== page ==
As the world looks on in tickled silence, the Independent National Electoral Commission (INEC) has postponed the general elections. That’s a problem. But the funny part is that it was done the morning of the day, literally 5 hours before voting was due to begin.
Of course it’s not the first time this has happened. What will compete with this in infamy as probably the worst ever was in 2011 when the elections were cancelled while people stood in line waiting to vote. Elections were also postponed in 2015, though the chairman at the time could not be blamed because it was for “security reasons”, something out of his range of responsibilities.
Mr Chairman, Sir…
In one word, what is the job of an INEC chairman? Logistics. He doesn’t make the rules, that’s the National Assembly. He doesn’t enforce the rules, that’s the executive. He doesn’t interpret the rules, that’s the judiciary. His role, simply, is to run the logistics and count the results.
And now he has informed us that, despite his assurances up until 2 days prior, he is not currently capable of doing that. I’m tempted to call for his resignation but that will just add to the confusion. As Civil Society Legislative Advocacy Center’s Auwal Musa pointed out on Channels Television, this keeps occurring because nobody is ever sanctioned for their roles in it. If the current chairman or whoever is responsible is sanctioned after the elections that would send a good signal to whoever comes next. Why the chairman? Because the buck stops with him.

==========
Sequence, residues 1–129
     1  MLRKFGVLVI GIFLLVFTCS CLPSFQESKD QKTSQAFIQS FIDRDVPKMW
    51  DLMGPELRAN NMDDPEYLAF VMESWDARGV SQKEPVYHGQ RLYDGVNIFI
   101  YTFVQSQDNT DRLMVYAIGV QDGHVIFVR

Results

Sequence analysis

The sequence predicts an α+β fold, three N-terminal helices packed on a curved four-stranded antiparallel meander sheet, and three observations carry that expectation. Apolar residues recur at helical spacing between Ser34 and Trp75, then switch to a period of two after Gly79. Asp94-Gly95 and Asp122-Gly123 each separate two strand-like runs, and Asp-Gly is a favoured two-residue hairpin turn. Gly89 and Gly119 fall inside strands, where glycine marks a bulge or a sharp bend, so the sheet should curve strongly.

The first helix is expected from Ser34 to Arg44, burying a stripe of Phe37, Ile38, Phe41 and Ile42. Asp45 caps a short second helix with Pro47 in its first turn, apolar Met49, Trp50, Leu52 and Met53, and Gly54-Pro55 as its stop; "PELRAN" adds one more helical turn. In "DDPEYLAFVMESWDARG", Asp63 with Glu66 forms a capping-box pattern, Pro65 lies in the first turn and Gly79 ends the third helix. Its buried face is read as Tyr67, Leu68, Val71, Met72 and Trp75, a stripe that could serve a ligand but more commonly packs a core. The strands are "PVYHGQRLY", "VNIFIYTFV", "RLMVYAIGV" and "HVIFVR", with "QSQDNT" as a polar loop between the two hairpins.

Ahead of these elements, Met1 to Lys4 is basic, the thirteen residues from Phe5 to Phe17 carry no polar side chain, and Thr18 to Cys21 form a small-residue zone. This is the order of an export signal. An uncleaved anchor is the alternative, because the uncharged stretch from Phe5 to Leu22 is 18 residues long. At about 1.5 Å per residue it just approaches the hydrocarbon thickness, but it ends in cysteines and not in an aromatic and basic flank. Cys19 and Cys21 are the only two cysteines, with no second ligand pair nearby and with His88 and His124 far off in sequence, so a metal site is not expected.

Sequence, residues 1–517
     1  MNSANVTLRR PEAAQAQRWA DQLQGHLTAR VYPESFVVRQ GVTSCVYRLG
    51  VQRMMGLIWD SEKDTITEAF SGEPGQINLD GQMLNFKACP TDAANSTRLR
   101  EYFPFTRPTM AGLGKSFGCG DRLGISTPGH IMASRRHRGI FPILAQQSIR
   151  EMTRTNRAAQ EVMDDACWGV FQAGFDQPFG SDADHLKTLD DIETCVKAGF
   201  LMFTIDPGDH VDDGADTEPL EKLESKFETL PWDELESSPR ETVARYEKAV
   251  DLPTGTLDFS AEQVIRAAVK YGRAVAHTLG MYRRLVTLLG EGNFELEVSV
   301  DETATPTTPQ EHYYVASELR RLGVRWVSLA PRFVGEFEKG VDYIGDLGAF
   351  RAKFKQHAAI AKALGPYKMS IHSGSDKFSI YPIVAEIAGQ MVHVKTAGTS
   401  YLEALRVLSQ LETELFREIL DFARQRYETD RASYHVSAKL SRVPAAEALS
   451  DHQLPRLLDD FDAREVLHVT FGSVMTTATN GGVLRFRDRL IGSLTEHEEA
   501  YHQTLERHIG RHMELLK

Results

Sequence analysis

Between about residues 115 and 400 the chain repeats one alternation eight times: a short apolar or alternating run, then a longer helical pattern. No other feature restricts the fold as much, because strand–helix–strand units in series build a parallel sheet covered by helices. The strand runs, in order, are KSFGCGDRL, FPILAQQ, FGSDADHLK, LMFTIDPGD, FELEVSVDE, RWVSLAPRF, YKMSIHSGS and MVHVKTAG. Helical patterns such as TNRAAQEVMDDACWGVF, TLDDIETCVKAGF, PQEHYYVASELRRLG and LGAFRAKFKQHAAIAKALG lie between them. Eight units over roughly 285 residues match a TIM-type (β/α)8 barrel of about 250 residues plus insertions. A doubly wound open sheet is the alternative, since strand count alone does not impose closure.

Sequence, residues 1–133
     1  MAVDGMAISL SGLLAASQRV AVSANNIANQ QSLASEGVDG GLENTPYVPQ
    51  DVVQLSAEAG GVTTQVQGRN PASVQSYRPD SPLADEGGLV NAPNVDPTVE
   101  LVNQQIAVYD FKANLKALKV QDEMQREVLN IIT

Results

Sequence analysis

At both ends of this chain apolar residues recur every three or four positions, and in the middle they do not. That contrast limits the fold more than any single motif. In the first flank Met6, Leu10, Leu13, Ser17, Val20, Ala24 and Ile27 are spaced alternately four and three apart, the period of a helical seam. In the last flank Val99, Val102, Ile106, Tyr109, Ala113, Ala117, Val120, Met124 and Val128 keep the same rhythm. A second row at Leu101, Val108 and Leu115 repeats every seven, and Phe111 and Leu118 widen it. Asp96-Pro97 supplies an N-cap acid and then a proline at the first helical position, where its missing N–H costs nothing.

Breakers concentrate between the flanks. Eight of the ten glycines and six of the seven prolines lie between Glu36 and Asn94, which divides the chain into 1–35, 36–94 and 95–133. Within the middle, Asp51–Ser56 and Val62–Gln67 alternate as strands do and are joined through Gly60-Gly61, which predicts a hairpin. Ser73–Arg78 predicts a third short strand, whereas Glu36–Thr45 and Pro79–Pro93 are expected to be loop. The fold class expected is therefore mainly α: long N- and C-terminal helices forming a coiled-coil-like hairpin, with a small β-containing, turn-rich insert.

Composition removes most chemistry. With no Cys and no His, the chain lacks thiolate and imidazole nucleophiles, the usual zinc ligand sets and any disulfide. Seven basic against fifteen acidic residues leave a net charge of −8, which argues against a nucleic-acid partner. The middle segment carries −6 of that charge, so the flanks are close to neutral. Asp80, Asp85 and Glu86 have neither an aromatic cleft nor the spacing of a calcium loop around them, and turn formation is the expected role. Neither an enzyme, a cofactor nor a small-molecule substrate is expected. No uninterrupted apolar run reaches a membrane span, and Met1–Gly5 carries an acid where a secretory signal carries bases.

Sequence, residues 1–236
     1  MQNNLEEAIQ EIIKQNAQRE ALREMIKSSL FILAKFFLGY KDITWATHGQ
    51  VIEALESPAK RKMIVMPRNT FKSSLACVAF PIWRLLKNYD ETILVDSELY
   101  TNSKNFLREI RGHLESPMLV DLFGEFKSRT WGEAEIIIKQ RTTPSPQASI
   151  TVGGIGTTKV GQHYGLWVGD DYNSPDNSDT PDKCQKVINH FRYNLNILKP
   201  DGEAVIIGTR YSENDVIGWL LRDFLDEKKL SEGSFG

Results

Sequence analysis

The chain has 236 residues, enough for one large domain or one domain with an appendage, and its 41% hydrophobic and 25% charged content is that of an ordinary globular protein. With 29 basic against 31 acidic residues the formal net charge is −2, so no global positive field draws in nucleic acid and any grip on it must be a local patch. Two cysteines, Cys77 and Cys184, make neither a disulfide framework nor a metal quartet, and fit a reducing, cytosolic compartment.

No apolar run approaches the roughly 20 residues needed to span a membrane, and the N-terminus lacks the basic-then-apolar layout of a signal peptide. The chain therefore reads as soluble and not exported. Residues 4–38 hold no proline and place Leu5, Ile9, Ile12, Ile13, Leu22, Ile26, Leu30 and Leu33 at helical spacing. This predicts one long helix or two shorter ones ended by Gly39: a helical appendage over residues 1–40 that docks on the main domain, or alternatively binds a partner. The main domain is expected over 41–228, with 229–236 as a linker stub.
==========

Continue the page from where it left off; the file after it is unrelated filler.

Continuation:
“Logistical problems” is what I call my body’s reluctance to get out of bed.
When it comes to elections, INEC is the body that sets the date and pretty much everything else. As an INEC official pointed out recently, even a policeman on Election Day does not work for the Nigeria police but is an employee of INEC for the day. All the monies it requested in its budget was provided, and its independence somewhat assured. But the chairman, in his subsequent explanations (more on that shortly), intimated at one point that the commission mobilized all the nation’s resources (according to him) but still could not overcome the logistical hurdles it faced. Thus, Mr Mahmood Yakubu inadvertently suggested to the entire world that the Federal Republic of Nigeria is unable to conduct its general elections in 2019, a damning self-capitulation.
In aviation, when the airplane is going down the runway to takeoff, there is the concept of V1. That is the point (speed and runway distance left) at which the takeoff can no longer be aborted and, regardless of what problems may occur, the pilots are clear that their only option is to somehow get their bird in the air and then figure out a solution afterward. The same should have been done here; there should have been a point, whether a month or even two weeks ago, at which the chairman should have made a final decision on whether or not to proceed with the elections. But to postpone 5 hours beforehand should not be an option unless your resignation is attached to it.